And just recently, Gord Martin connected Erindale Bible Chapel with a new Nigerian congregation (ECWA) that is just starting out.
The leaders, Peter and Deborah Johnson, are grateful for the space on Sunday afternoons.
In fact, the first Sunday that Peter and Deborah and their congregation met together, they joined Erindale Bible Chapel on the Sunday morning.
There was a proper introduction and a prayer of blessing - a sense that they were working together for the glory of God.
More than just space - they share a deep desire for others to know Jesus.

When I spoke to Michael Rix from Erindale Bible Chapel, I couldn’t help but notice a sense of responsibility to steward their building well, believing that it is a resource God has given them.
Believing that the church doesn’t belong to them means that they have to at least seriously consider the possibility of making room for others.
Michael also said that it’s more than an agreement about sharing space - it’s a bigger picture of the family of God. 
It’s having a big view of the church.
It’s easy to feel threatened or for a sense of competition to sneak in.
But remembering that we’re all in this together and want to support each other, amidst the differences is important.

Looking back, Michael recognized that Erindale has been blessed in the past in several ways.
They’ve always had a strong missions emphasis and over the years have supported ministry all around the world - eastern Europe, the Middle East, North Africa, Haiti, Malawi, and more.

There’s a culture of open-mindedness at Erindale - people desire to be practically helpful and can be flexible about some things.
Their congregation was primarily white back in 1961, which represented their neighbourhood.
Over the years, that has changed.
They started ESL classes a few years ago and their congregation has moved to a great mix of white, Chinese, Filipino, and other East Asian, South Asian, African and Caribbean and others which represents their current community.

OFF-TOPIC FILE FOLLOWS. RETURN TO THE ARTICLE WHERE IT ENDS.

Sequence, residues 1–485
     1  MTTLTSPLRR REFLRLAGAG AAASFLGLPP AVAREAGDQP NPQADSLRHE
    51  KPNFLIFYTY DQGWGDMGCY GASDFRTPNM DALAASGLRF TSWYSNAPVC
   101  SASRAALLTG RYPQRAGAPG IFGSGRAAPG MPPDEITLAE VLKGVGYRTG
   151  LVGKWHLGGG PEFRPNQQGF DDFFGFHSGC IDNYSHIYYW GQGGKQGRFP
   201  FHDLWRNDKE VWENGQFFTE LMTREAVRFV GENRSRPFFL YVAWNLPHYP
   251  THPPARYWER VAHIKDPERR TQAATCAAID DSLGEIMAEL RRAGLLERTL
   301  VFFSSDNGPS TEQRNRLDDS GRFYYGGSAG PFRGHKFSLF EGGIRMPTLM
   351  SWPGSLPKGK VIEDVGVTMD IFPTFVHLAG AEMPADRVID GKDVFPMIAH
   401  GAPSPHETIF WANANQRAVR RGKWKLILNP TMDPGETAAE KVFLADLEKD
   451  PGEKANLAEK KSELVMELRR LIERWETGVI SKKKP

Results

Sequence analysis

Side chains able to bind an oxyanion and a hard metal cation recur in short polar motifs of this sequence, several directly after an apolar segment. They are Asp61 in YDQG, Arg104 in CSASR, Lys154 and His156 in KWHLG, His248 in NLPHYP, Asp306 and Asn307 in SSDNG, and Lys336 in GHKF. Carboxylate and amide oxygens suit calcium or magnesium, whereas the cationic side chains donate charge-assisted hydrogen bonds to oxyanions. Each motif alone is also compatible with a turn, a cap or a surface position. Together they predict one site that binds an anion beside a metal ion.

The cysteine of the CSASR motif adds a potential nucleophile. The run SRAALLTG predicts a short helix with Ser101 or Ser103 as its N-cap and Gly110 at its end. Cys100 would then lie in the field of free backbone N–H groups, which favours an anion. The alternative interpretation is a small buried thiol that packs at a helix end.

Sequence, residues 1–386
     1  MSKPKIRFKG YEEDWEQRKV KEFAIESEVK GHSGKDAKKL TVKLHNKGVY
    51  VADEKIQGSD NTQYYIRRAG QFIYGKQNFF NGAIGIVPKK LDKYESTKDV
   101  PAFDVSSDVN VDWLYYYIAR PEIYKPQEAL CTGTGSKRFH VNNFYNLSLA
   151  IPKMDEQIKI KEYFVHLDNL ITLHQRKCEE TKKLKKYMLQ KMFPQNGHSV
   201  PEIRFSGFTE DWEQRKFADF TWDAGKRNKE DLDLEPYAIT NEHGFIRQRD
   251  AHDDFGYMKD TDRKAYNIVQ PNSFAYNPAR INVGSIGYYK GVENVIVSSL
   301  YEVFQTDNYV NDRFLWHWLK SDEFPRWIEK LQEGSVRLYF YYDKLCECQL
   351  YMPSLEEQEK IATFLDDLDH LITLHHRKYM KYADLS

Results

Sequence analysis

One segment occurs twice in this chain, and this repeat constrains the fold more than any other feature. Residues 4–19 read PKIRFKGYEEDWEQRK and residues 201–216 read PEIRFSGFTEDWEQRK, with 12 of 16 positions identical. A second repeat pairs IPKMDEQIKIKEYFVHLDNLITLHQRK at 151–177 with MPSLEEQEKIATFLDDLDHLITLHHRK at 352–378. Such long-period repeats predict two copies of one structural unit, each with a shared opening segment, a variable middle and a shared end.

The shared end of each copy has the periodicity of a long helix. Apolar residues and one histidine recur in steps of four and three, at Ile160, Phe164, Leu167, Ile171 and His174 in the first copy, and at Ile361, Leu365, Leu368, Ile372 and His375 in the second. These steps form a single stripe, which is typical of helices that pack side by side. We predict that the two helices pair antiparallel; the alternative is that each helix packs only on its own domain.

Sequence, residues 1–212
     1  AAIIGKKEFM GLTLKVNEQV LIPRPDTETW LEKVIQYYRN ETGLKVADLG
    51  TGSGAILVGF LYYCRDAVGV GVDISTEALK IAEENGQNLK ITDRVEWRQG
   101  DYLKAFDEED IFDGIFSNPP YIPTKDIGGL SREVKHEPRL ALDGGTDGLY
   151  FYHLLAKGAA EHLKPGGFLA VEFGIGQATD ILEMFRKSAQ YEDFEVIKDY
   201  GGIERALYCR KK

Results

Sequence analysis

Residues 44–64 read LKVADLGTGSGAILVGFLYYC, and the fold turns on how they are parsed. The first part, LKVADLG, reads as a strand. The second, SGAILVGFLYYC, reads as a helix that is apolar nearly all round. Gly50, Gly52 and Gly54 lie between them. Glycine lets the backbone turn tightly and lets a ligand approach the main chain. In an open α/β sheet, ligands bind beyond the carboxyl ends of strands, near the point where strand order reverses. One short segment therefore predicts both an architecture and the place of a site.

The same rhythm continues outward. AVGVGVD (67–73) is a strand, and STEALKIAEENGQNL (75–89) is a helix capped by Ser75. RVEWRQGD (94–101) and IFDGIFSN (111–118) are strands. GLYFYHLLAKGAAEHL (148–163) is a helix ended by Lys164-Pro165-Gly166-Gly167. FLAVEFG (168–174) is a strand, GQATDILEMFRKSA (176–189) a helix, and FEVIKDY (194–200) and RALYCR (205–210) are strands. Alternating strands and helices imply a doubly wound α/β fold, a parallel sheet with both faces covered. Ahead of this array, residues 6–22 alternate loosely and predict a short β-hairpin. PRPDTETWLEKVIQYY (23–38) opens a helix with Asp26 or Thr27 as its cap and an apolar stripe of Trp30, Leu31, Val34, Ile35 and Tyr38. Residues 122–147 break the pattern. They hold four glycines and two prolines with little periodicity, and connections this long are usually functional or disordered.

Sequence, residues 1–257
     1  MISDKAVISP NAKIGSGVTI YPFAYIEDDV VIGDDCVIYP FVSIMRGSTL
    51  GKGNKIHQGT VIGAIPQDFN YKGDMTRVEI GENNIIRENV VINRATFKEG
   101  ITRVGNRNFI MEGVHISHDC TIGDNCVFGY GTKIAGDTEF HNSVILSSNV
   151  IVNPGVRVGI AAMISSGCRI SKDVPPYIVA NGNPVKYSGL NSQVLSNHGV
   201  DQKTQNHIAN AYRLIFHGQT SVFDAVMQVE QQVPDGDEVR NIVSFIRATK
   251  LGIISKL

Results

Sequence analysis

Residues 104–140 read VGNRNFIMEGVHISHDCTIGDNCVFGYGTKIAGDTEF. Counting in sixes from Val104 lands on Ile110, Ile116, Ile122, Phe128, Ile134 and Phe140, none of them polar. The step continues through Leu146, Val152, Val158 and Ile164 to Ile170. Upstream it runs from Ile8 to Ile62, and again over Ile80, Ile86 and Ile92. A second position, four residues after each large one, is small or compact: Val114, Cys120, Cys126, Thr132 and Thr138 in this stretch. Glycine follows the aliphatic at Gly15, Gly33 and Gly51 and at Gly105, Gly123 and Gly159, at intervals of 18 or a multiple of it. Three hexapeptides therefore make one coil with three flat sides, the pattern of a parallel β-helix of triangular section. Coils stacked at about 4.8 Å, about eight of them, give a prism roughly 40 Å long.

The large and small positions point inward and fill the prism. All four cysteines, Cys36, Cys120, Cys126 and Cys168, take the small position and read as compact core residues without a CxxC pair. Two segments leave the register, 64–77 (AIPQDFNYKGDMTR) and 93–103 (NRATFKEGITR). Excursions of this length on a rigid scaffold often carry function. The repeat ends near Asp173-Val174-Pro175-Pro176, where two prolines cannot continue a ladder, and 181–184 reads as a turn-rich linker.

One of Erindale’s elders is Doug Anderson - who served as a missionary in the Philippines and Africa.
Including a stint in Africa about 40 years ago with an ECWA congregation!
He’s been a strong advocate for their growth as a multi-ethnic church.

And then lastly, their new pastor David Hallett spent twenty years in China and so feels at home in a church with an international flavour.
So many ways that God has been guiding their congregation and forming them into the people they are now.

There’s much potential for mutual learning and spiritual encouragement - having these congregations sharing space together.
They look forward to what God is cultivating among them!
The New Christendom by Philip Jenkins

In this new and substantially expanded Third Edition, Philip Jenkins continues to illuminate the remarkable expansion of Christianity in the global South--in Africa, Asia, and Latin America. Drawing upon the extensive new scholarship that has appeared on this topic in recent years, he asks how the new Christianity is likely to affect the poor, among whom it finds its most devoted adherents. How should we interpret the enormous success of prosperity churches across the Global South? Politically, what will be the impact of new Christian movements? Will Christianity contribute to liberating the poor, to give voices to the previously silent, or does it threaten only to bring new kinds of division and conflict? Does Christianity liberate women, or introduce new scriptural bases for subjection? (
Event Calendar
Thinking Shrewdly 2024
April 18 - 20, 2024
Save the date for VMC's national, in-person conference happening next April in Ontario!

Come join others from across Canada to celebrate, learn, connect and be encouraged together! There's lot of planning still to happen but we are thrilled that our featured presenter will be James K. A. Smith. You can learn more about the award-winning author, speaker and philosopher at

Watch for details at
VMC Storytelling
Every week, we share stories from across our network of churches that show how God is at work in and through His people.

Here are a few stories:

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Pray with Us
Please join us as we gather and pray together online each month for our VMC churches and leaders.
To sign up or request further information contact Henrietta at

The VMC prayer team gathers on the first Thursday of the month at the following times across the country:  1:00-2:00pm (Atlantic), Noon-1:00pm (Eastern), 11:00-Noon (Central), 10:00-11:00am (Mountain) and 9:00-10:00am (Pacific).